Interesting news highlighted in an op-ed by Senators Corker and Coons with regards to a new Food for Peace Reform Act. The legislation, originally submitted in 2015 and resubmitted depicts one of many critical needs for refugee support services in international settings such as the developing famine crisis in Sudan. Beyond basic needs of food and shelter, refugees resettled in the U.S. require a variety of psycho-social, education, health care and economic development services. These services help speed up the process of assimilation which in turn can provide economic benefits both to these new American households but also to their newly adopted communities.
An Article from Politico on the intertwined NAFTA and TPP
Posted by Terrence Isert, March 7, 2017
Help or hindrance? At ProMicro Consulting, I’ve thinking a lot about the recent national discussions around trade deals and the popular conception that free trade hurts American manufacturing workers and jobs A recent arti. is recent article in Politico juxtaposes criticisms and advantages of the recently rejected TPP as a pathway to a better NAFTA. Much has been made of the manufacturing job losses totaling 5 million since 2000. However, manufacturing have seen a recent uptick of 800,000 jobs in the period of 2010 to 2014. This number is significant in that some economists have quantified this amount as the number of manufacturing jobs shipped to our trading partners, particularly Mexico.
The story of free trade and jobs runs deeper than that however.
The economics of these trade deals are tricky and in this case interwoven more with trade deficits, the Great Recession, the pace of manufacturing outputs and politics in the US. According to the US Census, the trade deficit alone ballooned since 2000 (30.2B, March) to 2017 (48.3B, January figures) according to the at least indirectly affecting industries such as manufacturing. NAFTA was always manufacturing and agriculture-heavy in its focus, the former losing 5 million jobs since 2000(see EPI article) although a modest rebound of 800,000 jobs has occurred since 2010. By comparison the TPP was focused more heavily on service industries where the US has a large trade surplus even with Mexico. The new trade deal under TPP was designed to address some of the labor-protection issues, open up access to new markets (dairy industry in Canada) and insert environmental measures missing from NAFTA.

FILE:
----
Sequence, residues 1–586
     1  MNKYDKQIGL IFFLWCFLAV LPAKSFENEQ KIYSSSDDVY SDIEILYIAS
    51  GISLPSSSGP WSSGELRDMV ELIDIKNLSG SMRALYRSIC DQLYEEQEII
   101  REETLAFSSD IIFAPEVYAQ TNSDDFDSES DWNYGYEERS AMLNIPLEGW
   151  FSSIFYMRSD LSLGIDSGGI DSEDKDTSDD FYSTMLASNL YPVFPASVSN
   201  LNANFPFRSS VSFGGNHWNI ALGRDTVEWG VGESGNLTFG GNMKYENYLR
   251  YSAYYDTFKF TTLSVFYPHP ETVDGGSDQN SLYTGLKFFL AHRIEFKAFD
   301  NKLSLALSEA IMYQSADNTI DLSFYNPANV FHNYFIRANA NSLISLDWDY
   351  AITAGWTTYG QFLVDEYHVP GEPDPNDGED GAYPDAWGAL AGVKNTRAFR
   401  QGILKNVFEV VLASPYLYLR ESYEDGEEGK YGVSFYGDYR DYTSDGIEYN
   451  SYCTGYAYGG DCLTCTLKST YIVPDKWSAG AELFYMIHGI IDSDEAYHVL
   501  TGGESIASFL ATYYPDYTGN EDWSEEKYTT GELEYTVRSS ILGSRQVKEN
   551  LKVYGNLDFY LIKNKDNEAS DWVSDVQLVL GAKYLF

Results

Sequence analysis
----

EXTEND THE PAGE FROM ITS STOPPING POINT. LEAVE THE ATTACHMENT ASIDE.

What is clear is that the US missed an opportunity to update a trade deal with its North American partners to improve its trading relationships benefiting more American workers and an opportunity for broader and deeper access to new and existing Asian markets. Those deals may be harder to strike unilaterally and now less favorable to US jobs and its economy.
When it comes to rejuvenating an urban community, expert opinions will often cite a variety of political, social and economic ills that range from the need for education reforms, infrastructure investments, improved racial equality and political reforms among many critical leverage points. Adding citing lighting is not something that leapst to mind. however Detroit has accomplished a milestone on its way to its goal of urban revitalization by doing just that. Read more about the city of Detroit’s latest success here.